It is common practice to parallel a bunch of capacitors of small values for noise suppression; each value suppresses a different frequency band. The values are typically provisioned in decades, e.g. 0.001µF (1nF), 0.01 µF (10nF), 0.1 µF (100nF) etc. For high-frequency devices like cell radios, you will see caps in the pF range.
However it is also common to parallel capacitors of higher values, either electrolytic or tantalum. This is done for several reasons. First, the value you want may not be available, but a smaller value that can be paralleled is. Or maybe the larger value isn't available in the tolerance you want, and again you can get that in a smaller value.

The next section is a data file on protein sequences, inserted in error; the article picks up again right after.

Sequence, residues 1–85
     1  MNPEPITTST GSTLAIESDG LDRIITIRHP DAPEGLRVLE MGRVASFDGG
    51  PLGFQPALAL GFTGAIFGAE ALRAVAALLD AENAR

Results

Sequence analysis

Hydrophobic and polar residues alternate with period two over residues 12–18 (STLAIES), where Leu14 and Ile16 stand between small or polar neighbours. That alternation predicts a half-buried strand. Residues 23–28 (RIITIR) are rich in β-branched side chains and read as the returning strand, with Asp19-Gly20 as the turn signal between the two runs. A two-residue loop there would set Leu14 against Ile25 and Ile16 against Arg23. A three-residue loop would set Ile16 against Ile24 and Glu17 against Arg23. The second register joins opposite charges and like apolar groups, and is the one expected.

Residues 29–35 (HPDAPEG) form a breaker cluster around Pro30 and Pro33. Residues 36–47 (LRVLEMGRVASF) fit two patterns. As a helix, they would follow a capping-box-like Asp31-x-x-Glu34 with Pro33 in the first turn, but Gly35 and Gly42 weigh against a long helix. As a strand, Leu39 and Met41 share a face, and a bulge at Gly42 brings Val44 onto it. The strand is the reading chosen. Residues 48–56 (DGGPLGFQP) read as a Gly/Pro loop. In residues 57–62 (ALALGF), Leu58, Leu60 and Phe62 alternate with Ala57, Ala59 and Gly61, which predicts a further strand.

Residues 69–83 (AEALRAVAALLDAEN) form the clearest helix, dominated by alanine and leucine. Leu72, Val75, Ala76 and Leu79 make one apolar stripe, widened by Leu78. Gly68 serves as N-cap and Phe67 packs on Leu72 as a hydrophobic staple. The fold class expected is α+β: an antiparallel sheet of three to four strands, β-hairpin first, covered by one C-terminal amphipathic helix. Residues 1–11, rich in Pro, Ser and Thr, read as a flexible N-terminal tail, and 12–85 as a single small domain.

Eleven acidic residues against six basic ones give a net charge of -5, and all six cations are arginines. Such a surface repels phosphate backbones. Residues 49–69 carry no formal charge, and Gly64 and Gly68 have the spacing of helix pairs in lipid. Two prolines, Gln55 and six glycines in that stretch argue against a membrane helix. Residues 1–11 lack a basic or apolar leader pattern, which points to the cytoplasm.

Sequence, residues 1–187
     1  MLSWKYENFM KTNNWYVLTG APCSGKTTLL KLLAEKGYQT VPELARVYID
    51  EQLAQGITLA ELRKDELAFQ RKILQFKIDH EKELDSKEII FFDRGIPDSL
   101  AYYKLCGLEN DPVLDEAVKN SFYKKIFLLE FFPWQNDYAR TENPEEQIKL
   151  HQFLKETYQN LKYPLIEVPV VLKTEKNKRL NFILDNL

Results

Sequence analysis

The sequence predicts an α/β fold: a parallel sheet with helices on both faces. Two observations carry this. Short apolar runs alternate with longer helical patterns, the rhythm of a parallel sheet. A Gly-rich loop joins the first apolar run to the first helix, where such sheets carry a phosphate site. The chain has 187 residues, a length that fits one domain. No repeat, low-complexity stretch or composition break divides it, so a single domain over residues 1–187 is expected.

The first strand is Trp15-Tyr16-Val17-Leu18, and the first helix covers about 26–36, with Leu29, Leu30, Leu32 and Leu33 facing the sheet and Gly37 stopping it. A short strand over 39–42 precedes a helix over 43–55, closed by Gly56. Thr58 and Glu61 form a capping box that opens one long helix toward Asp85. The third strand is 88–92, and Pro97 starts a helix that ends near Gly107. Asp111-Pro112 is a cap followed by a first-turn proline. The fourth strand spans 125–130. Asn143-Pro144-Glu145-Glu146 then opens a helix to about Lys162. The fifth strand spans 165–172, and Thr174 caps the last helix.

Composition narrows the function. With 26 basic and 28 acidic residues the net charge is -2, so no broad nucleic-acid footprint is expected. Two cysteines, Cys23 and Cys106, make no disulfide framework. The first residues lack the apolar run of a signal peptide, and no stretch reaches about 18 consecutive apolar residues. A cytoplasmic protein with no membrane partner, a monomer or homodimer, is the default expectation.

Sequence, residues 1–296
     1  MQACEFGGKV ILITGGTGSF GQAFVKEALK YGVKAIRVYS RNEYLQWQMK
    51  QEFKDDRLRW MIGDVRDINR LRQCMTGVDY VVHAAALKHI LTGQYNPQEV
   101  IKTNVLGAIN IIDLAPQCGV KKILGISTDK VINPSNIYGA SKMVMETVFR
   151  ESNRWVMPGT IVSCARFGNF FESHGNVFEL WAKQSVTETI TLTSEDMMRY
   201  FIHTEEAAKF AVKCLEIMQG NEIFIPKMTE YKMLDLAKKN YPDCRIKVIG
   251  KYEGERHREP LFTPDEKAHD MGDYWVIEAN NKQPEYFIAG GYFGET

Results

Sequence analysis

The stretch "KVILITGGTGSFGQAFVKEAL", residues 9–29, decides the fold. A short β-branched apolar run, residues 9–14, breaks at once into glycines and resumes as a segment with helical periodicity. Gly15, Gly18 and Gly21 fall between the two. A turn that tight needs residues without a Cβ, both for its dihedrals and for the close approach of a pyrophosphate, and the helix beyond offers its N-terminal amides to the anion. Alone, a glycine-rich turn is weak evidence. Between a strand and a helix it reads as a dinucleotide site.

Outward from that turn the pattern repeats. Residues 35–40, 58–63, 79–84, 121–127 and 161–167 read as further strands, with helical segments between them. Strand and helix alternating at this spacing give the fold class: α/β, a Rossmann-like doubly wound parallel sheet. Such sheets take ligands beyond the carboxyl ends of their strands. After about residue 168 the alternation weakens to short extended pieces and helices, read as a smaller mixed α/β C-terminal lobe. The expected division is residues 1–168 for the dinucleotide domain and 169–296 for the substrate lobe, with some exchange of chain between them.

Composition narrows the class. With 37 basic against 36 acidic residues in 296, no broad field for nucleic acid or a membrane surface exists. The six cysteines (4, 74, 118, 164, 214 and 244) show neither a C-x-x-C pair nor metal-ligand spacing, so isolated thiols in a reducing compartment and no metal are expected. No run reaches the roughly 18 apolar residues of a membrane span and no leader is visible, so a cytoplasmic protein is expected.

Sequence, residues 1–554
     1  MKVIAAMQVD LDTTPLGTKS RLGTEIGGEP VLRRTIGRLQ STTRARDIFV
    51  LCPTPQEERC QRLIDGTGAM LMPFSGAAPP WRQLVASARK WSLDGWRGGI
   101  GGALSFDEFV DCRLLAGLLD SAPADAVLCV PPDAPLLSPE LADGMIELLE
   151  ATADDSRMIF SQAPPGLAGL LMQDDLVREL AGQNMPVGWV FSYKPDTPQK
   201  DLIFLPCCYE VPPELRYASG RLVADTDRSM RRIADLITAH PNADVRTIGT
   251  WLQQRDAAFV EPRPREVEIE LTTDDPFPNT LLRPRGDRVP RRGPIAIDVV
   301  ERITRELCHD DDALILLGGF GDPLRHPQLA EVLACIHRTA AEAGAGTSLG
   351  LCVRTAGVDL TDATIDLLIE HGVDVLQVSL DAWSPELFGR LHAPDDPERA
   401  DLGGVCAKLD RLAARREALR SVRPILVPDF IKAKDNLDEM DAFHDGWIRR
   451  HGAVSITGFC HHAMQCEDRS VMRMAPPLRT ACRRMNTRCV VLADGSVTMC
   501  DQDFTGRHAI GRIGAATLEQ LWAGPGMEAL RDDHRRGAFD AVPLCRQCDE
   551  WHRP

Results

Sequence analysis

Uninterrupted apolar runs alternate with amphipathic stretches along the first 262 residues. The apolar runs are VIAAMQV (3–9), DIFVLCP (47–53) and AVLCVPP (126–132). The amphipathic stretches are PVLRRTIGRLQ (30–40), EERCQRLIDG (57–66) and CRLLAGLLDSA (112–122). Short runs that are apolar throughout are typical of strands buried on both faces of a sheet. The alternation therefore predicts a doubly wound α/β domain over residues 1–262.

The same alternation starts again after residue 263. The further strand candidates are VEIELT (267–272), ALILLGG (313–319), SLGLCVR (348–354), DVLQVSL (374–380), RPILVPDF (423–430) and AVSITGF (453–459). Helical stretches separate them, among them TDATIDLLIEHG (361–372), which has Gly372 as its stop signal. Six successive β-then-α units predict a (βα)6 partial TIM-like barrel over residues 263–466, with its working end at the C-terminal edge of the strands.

Then there are price considerations. Depending on a how common the value is, a larger value cap may actually cost more than twice what two smaller caps cost.
And finally, there are size considerations, particularly on a board with SMT devices. The manufacturer recommended adding 2000µF to a 3.6V rail going into a cell module. First of all, a single 2000µF tantalum cap wasn't available, just 2200µF. But it was actually bigger than two 1000µF caps, and cost more than the two smaller ones together. So I used two 1000µF capacitors.